“With unexpressive notes to heaven's new-born heir."




[blocks in formation]

Enter Corin and TouchSTONE. Cor. And how like you this shepherd's life, master Touchstone?

Touch. Truly, shepherd, in respect of itself, it is a good life; but in respect that it is a shepherd's life, it is naught. In respect that it is solitary, I like it very well; but in respect that it is private, it is a very vile life. Now in respect it is in the fields, it pleaseth me well; but in respect it is not in the court, it is tedious. As it is a spare life, look you, it fits my humour well; but as there is no more plenty in it, it goes much against my stomach. Hast any philosophy in thee, shepherd?

Cor. No more, but that I know, the more one sickens, the worse at ease he is; and that he that wants money, means, and content, is without three good friends:

-That the property of rain is to wet, and fire to burn; That good pasture makes fat sheep; and that a great cause of the night, is lack of the sun: That he, that hath learned no wit by nature nor art, may complain of good breeding, or comes of a very dull kindred.2

Touch. Such a one is a natural philosopher.3 Wast ever in court, shepherd ?


he, that hath learned no wit by nature nor art, may complain of good breeding, or comes of a very dull kindred.] I am in 'doubt whether the custom of the language in Shakspeare's time did not authorise this mode of speech, and make complain of good breeding the same with complain the want of good breeding. In the last line of The Merchant of Venice we find that to fear the keeping is to fear the not keeping. Johnson.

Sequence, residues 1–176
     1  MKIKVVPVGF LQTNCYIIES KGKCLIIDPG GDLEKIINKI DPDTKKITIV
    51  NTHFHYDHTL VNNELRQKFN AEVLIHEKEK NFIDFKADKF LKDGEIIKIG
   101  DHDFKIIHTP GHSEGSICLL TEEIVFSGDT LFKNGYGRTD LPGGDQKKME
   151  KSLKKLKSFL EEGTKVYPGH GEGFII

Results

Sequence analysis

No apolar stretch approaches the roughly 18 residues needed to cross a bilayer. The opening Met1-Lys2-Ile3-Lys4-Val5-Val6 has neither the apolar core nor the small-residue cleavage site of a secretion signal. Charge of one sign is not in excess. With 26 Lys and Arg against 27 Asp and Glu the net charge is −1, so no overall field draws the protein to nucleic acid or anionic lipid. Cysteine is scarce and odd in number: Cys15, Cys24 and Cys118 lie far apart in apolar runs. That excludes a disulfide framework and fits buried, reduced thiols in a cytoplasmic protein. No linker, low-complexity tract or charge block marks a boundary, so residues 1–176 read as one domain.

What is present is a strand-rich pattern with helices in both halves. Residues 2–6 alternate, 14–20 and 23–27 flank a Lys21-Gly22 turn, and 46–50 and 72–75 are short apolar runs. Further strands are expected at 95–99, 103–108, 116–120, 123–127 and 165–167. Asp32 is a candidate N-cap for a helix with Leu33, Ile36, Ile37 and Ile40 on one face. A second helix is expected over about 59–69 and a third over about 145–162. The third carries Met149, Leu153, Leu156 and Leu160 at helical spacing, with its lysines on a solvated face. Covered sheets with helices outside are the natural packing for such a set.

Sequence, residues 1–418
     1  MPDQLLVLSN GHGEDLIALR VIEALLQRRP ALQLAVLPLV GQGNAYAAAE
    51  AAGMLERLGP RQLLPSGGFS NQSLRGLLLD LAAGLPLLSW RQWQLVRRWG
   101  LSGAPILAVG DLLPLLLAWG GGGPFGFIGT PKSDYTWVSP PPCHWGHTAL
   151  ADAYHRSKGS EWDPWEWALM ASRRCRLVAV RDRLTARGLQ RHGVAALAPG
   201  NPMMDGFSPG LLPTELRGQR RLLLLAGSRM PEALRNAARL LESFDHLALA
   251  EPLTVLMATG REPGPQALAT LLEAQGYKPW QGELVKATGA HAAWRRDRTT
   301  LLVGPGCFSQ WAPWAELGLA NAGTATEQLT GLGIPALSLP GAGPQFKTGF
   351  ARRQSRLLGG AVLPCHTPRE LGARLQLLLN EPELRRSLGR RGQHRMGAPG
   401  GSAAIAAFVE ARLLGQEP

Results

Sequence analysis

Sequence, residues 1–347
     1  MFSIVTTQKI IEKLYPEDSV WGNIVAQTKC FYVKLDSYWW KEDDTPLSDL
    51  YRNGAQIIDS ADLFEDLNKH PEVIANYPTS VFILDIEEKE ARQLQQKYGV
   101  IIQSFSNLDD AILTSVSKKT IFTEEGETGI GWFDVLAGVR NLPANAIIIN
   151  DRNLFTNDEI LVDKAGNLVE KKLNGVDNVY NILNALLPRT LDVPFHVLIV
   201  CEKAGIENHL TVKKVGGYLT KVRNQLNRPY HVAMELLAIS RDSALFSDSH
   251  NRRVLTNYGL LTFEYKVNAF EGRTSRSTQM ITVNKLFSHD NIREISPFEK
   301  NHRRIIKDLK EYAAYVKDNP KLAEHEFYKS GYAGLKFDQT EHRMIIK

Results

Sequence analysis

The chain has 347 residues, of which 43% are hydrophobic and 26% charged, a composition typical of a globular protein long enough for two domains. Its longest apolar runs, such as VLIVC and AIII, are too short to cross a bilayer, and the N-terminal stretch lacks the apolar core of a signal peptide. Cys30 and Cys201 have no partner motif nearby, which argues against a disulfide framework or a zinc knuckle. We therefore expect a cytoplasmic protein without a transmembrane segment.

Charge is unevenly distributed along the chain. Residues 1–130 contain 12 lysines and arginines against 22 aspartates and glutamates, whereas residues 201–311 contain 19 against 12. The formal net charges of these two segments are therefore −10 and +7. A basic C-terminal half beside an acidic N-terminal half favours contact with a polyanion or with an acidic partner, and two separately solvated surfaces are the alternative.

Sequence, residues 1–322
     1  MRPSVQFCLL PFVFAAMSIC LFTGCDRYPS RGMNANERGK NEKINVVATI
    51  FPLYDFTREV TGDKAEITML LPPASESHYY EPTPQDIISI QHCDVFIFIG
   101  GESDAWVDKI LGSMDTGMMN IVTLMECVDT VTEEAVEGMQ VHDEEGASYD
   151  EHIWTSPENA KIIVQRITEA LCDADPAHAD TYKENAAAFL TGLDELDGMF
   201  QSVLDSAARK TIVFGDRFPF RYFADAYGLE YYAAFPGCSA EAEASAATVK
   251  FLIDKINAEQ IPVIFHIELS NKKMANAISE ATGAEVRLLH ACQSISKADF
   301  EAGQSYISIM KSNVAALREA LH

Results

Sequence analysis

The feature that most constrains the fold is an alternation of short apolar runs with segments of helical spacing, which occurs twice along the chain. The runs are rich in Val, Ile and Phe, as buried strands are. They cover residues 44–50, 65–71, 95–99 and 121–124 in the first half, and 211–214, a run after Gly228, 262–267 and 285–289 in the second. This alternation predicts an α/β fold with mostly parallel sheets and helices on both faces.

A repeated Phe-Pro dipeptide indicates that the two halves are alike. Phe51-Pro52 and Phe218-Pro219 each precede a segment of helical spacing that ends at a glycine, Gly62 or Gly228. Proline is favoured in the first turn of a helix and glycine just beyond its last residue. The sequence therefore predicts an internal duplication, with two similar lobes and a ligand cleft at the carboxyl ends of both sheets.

I think he means rather muy complain of a good education, for being so inefficient, of so little use to him. Malone.

3 Such a one is a natural philosopher.] The shepherd had said all the philosophy he knew was the property of things, that rain wetted, fire burnt, &c. And the Clown's reply, as a satire on phy. sicks or natural philosophy, though introduced with a quibble, is extremely just. For the natural philosopher is indeed as ignorant (notwithstanding all his parade of knowledge) of the efficient cause of things, as the rustic. It appears, from a thousand instances, that our poet was well acquainted with the physicks of his time; and his great penetration enabled him to see this remediless defect of it. Warburton.

Shakspeare is responsible for the quibble only, let the commentator answer for the refinement. Steevens.

Cor. No, truly.
Touch. Then thou art damn'd.
Cor. Nay, I hope,

Touch. Truly, thou art damn'd; like an ill-roasted egg, * all on one side. Cor. For not being at court? Your reason.

Touch. Why, if thou never wast at court, thou never saw'st good manners; if thou never saw'st good manners, then thy manners must be wicked; and wickedness is sin, and sin is damnation: Thou art in a parlous state, shepherd.

Cor. Not a whit, Touchstone: those, that are good manners at the court, are as ridiculous in the country, as the behaviour of the country is most mockable at the court. You told me, you salute not at the court, but you kiss your hands; that courtesy would be uncleanly, if courtiers were shepherds.

Touch. Instance, briefly; come, instance.

Cor. Why, we are still handling our ewes; and their fells, you know, are greasy.

Touch. Why, do not your courtier's hands sweat? and



The Clown calls Corin a natural philosopher, because he reasons from his observations on nature. M. Mason.